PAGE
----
5.45pm: PRESIDENT Barack Obama has promised Americans "the best is yet to come" after he secured a second term in the White House on Wednesday (AEDST).

Mr Obama won almost all of the key swing states as he saw off Republican challenger Mitt Romney.

Using the popular vote as a measure, the election was as close as everyone had predicted.

In fact, Mr Romney was leading the popular vote for much of the count, before being overtaken late by Mr Obama.

But US elections are not decided on the popular vote.

As of writing, Mr Obama had secured at least 303 electoral college votes - each state carries a certain number - easily eclipsing the 270 needed for victory, but a long way short of the 365 he secured in his landslide victory in 2008. Mr Romney had 206.

While Mr Romney carried the battleground states of North Carolina and Indiana, the remainder had either gone, or looked like going to the president.

Put simply, Mr Obama prevailed in the states that counted.

There were no "yes we can" moments of four years ago, but Mr Obama's 20-minute victory speech was one for the ages.

In essence, it was designed to begin the process of uniting a divided nation.

Mr Obama conceded it would take more than words to heal the rift.

But it was a start.

And whereas in 2008 he was solemn and appeared overwhelmed by the enormity of the task at hand, Mr Obama was exuberant in accepting victory this time around.

For a country that has been battered by the global financial crisis, chronic unemployment, wars in two countries and savage partisan politics, his was a message of hope.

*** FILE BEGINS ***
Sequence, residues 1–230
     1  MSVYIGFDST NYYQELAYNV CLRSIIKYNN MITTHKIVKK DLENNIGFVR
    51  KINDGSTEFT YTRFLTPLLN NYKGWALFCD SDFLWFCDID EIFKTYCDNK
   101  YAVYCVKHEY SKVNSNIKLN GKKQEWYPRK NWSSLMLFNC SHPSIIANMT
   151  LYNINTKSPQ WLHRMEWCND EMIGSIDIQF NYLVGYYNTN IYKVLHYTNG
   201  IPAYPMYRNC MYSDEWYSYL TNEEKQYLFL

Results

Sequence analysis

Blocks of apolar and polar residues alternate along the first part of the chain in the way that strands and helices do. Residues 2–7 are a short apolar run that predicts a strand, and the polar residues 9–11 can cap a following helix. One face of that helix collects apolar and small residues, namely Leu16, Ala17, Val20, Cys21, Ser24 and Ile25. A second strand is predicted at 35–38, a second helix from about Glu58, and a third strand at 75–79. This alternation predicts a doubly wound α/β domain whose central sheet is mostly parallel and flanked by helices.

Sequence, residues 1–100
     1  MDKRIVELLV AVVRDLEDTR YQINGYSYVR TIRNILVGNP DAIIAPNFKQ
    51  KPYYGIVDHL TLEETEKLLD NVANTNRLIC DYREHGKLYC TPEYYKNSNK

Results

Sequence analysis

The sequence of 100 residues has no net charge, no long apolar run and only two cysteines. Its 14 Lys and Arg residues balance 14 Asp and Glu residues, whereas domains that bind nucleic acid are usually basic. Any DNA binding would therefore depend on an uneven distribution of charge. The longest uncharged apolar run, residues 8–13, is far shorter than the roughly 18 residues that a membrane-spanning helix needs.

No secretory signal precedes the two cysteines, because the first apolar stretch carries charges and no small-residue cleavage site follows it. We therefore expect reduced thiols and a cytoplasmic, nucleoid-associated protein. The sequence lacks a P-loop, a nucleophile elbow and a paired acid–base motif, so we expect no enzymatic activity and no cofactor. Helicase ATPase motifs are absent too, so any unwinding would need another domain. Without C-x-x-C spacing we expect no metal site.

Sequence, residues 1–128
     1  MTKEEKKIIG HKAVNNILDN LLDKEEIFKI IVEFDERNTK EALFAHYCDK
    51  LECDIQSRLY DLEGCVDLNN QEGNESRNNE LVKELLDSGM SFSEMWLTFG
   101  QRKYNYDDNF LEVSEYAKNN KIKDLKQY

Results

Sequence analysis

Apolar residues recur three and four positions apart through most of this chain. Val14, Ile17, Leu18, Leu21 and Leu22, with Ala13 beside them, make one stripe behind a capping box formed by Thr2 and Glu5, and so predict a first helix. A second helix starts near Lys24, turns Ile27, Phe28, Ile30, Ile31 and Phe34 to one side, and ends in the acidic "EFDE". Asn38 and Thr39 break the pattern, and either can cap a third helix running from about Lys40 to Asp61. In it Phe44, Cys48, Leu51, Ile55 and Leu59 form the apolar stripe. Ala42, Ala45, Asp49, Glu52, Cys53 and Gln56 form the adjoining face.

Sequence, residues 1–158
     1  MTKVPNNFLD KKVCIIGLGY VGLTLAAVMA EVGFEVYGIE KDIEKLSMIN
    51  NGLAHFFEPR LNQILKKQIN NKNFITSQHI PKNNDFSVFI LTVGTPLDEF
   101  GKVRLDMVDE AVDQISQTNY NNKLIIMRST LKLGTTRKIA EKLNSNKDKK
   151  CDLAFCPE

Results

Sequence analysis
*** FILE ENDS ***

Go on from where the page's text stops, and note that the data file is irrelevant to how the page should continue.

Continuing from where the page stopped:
"I've never been more hopeful about our future ... about America," Mr Obama said in his home town of Chicago.

"I believe we can seize this future together. Because we are not as divided as our politics suggest. We're not as cynical as the pundits believe. We are greater than the sum of our individual ambitions and we remain more than a collection of red states and blue states.

"We are, and forever will be, the United States of America."

Mr Obama used much of the speech to focus on the American people. He thanked Democrats and Republicans for taking part in the election and called on all Americans to play their part in lifting the country off the mat.

And he said he would continue to draw inspiration from their strength and resilience.

"You've made me a better president. And with your stories, and your struggles, I return to the White House more determined and more inspired than ever," he said.

"Tonight you voted for action, not politics as usual."

Mr Romney was gracious in defeat, calling for both sides of politics to work together for the good of the country.

"The nation ... is at a critical point. At a time like this we can't risk partisan bickering and political posturing," Mr Romney told the Republican faithful.

"Our leaders have to reach across the aisle to do the people's work."

He congratulated Mr Obama and said he would pray the "president will be successful in guiding our nation".